How to Inspire Passion in Your Employees
This article outlines tips for CEO's and supervisors who want to do more than just manage and direct their employees in order to get the job done.
Is everyone on your team heading in the same direction?
Effective leaders know that internally motivated employees who take pride in their work are the ones who usually end up being the most productive. Employees who are encouraged to enjoy a good life-work balance also tend to stay loyal to organizations that treat them well.
As a manager, how do your leadership skills stack up? Read on and find out!
A passionate workforce is a productive workforce. Passion and enthusiasm are the cornerstones of a happy, engaged team of employees. But what do you do if your office seems to be home to the “walking dead” who are just showing up, putting in their hours, and then disappearing at 4:59pm each afternoon? How do you get your staff excited and passionate about what they do?
An energized staff team is not only a more fun and agreeable team to work with, these folks are generally more productive and better equipped to meet long-term goals, overcome challenges and remain loyal to the company. Here are seven ideas for how you can energize your staff. Ultimately, you, as a leader, CEO, or manager, are responsible for the success or failure of your company, program, or department. Success always starts with you!
1. Strive to be the best. It's difficult to get people fired up about a company that is mediocre and middle of the road. If the company isn’t going anywhere or doesn’t have the respect of people in the community, it will be very difficult to get your staff to move ahead with passion and purpose. On the other hand, when people know that they're working for an organization that has a reputation as one of the best in their field, it's easier for them to get excited about what they do.
2. Define concrete challenges and identify realistic goals. People who are passionate about something they believe in have a higher potential to reach their goals and make a difference in other people’s lives. Give your team goals that they can actually reach and feel proud of. If your staff are constantly being asked to accomplish things that are just not humanly possible, they’ll soon give up. Success begets more success. With each challenge your team successfully overcomes they’ll continue to develop the confidence and problem-solving skills they need to feel competent and capable.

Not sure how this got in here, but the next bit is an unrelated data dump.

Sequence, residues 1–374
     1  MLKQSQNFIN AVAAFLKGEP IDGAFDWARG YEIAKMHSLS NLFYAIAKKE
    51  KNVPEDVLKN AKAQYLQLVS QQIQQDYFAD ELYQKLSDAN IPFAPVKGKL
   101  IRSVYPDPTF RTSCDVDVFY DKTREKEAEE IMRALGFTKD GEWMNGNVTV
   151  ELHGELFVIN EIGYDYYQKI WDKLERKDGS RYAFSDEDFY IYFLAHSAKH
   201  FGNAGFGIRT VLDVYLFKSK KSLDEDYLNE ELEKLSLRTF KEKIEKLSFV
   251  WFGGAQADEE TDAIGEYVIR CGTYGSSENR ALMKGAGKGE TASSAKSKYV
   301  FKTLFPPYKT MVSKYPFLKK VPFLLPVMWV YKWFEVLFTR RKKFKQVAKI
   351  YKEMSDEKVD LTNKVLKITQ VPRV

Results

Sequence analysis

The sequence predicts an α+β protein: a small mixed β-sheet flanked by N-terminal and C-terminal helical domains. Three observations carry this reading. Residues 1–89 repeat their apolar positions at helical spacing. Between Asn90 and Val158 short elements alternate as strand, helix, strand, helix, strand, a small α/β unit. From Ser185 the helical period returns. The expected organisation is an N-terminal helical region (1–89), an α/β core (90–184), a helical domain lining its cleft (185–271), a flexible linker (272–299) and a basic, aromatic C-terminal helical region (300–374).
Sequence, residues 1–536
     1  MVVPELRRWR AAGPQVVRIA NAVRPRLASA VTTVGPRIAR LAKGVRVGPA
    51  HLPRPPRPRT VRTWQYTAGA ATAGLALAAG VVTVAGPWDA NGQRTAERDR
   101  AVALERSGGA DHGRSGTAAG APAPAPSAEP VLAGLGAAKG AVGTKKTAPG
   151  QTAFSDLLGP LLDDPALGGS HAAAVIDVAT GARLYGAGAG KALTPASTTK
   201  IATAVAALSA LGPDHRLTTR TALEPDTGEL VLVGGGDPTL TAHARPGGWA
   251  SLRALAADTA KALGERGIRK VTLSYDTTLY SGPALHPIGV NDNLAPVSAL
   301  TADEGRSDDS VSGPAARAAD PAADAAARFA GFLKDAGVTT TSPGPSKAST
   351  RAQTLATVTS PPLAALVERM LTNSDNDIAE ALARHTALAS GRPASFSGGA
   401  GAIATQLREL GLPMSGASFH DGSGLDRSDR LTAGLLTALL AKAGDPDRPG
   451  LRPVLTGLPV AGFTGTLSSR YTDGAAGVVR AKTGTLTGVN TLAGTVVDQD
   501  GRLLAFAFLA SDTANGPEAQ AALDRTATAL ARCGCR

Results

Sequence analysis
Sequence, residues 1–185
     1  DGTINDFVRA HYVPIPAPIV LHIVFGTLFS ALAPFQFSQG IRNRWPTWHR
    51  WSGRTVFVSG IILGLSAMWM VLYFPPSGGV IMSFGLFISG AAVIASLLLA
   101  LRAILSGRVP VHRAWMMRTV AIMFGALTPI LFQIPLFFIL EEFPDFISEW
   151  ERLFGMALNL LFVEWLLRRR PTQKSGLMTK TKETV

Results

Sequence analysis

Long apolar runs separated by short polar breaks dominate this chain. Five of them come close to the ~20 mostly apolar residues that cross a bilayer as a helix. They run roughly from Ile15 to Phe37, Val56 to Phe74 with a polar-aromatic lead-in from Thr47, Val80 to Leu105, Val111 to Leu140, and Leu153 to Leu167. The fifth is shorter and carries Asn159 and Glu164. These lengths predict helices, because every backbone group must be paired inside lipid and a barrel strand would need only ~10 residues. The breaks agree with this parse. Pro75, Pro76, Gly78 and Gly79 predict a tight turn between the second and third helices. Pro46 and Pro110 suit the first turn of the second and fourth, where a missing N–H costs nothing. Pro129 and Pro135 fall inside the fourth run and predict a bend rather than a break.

3. Let people do what they love. Although every job involves a certain amount of drudgery – stuff that has to get done even though it’s not all that exciting to do – successful teams are made up of people doing what they love. As a team leader your job is to make sure that you put the right people to work doing the right job. If someone is clearly an extroverted “people person” who loves to chat with clients and make customers feel good, why shutter them away behind a desk all day? Likewise, if one of your staff members gets excited about working on computers, tinkering with software, and building websites and information systems, then make sure that person is being given meaningful work that will make them excited about coming into work each day. Aim to have your staff working on projects they love at least 80% of the time. The remaining 20% of their time can be spent on tasks that they might not be crazy about but that they understand are essential to the success of the whole team.
Pleasure in the job puts perfection in the work.— Aristotle
4. Create a positive physical environment. Tackle office clutter. Improve air quality. Furnish the office with good quality, durable desks, chairs, bookshelves, tables, chairs, and couches. Place live plants around the office. Paint walls in soothing colors and install bulbs and light fixtures that mimic natural daylight rather than glaring white tube lighting. Allow people to personalize their desk space with the things that make them feel calm and relaxed. Your staff are devoting 8 – 12 hours a day of their lives working in your office. Give them a place they enjoy working in and watch their energy levels soar.
5. Promote healthy laughter. Laughter in the workplace is gaining recognition as a crucial factor in promoting creativity, enhancing problem-solving skills, and coping with setbacks and disappointments (which are inevitable in almost every job).
6. Give your employees something that they can’t get anywhere else. Although most people appreciate having a steady income and any extended health and dental benefits that a company offers, passionate employees show up for more than just a paycheck. Give your staff opportunities to learn. Help them invest in their own intellectual capital and watch your company's net worth grow. Organizations that take an interest in the personal growth and development of their employees are more likely to have loyal and excited work teams than those that don’t offer free training, workshops, or professional development opportunities.
7. Build bridges. Staff can sometimes start to feel isolated at work even when they're surrounded by dozens of other people. This happens because they're being exposed to the same people and ideas, day after day. Familiarity can stifle creativity. Encourage your staff to get out of the office and visit like-minded companies, businesses, and associates. Let them see how other organizations do their work and encourage them to invite guests to visit your office. Give them opportunities to take pride in where they work and what they do. The professional and peer relationships that your staff maintain as part of their work will keep them feeling energized and passionately connected to their work.
What is the number one thing you look for in a workplace?
© 2012 Sally Hayes